ECOWAS Court Orders FG to Protect Benue Communities from Herdsmen Attacks

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Tobi Soniyi

Hope rises for relatives of those killed in Benue State in 2018 as the Community Court of Justice otherwise known as ECOWAS Court ordered the Federal Republic of Nigeria to investigate the January 2018 ‘mass killings and destruction of properties’ in five local government areas of the state.

The court also ordered the federal government to identify as and prosecute the perpetrators. In a judgment delivered on Thursday, 10th October 2019 in a case brought by the estates of seven persons allegedly killed by Fulani herdsmen, the court held the government was in ‘violation of its obligation to protect against known and imminent threat to life in the affected communities from the activities of Fulani herdsmen.

The court also held that government was in breach of its obligation to investigate the human rights violations that occurred.
The three judges who heard the case were unanimous in their judgement.

They are Justice Edward Amoako Asante, (Presiding), Justice Keikura Bangura, and Januaria T. S. Moreira Costa.
The judges also ordered the government to ‘redress the victims’ and ‘provide preventive security arrangements to counter any future insurgence in the affected communities,’ in the Adai, Tse Agur, Mbaguene, Guma Local Government Areas of the state.

The court however rejected a request by the plaintiffs for an order compelling the government to pay 200 million naira to each of them as general damages for the untimely loss of their beloved ones in the incident because the ‘plaintiffs failed to prove their case as to the cause of death of their deceased relatives and establish the nexus between their death and the clashes that occurred in their communities.’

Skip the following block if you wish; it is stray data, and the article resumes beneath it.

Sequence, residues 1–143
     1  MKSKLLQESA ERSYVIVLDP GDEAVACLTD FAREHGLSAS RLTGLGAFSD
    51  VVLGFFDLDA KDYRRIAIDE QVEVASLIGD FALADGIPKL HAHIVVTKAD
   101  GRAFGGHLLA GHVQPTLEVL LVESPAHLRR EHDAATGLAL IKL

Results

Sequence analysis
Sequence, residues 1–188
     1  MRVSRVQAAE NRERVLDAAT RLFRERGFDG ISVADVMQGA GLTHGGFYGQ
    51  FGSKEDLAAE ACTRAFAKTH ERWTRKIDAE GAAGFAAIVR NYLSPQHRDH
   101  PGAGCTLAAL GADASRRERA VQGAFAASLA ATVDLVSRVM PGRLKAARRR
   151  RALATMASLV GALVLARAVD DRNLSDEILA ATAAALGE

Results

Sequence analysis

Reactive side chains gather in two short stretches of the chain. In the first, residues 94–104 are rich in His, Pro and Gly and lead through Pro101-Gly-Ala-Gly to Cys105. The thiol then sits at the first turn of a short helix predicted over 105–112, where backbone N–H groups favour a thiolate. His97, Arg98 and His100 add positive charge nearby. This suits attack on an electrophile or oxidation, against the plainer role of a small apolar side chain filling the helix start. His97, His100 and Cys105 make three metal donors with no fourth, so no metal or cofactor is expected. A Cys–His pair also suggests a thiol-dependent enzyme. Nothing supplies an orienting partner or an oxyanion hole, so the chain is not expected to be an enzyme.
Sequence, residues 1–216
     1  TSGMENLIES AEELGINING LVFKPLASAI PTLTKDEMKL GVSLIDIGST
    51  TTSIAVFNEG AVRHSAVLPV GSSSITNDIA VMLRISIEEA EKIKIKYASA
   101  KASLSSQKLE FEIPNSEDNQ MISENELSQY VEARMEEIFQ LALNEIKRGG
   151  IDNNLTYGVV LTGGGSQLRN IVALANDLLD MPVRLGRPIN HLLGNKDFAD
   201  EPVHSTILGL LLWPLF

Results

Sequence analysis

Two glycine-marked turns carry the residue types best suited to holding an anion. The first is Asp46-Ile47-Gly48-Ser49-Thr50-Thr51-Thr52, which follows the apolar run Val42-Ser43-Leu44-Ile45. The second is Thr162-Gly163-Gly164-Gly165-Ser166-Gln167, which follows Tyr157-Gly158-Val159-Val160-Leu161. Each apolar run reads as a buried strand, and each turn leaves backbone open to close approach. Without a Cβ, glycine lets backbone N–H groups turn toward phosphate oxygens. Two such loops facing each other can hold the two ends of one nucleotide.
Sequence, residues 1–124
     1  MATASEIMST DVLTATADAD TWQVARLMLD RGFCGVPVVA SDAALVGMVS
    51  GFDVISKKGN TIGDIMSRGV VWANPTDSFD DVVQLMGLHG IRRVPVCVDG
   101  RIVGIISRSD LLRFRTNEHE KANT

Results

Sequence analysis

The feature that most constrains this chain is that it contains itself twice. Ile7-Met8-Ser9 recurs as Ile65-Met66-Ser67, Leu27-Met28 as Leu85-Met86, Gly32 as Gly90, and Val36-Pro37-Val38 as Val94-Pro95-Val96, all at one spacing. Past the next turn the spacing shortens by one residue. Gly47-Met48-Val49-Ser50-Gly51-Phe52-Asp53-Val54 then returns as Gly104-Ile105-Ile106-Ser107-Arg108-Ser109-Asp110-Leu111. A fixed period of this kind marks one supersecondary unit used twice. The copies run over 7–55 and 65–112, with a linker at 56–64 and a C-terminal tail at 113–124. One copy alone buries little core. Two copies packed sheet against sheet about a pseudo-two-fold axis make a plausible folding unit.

It also rejected the request of the plaintiffs for an order for the government to pay each of them the sum of I billion each as aggravated and punitive damages as a result of the failure of the defendant to stop the illegal and oppressive act of the fiery herdsmen in some communities in Benue State,’ as they failed to prove their claims as to the violation of their right to property.

In Suit N0. ECW/CCJ/APP/16/18, the estates of Mbakpenu Zamber, Nyiev Bohemen, Simon Anyom, Yahuan Bohemen, Atorjime Timbee Timothy, Musega Simon Mtagher, and Pius Udughkyla, the next of kin of the deceased seven farmers, alleged the violation of their fundamental human rights and those of their late relatives, particularly the rights to life, dignity, peace, security and equality before the law.

Also violated, according to them, were their rights to privacy, property, freedom and protection from inhuman and degrading treatment from domination by a group of people and from all forms of discrimination.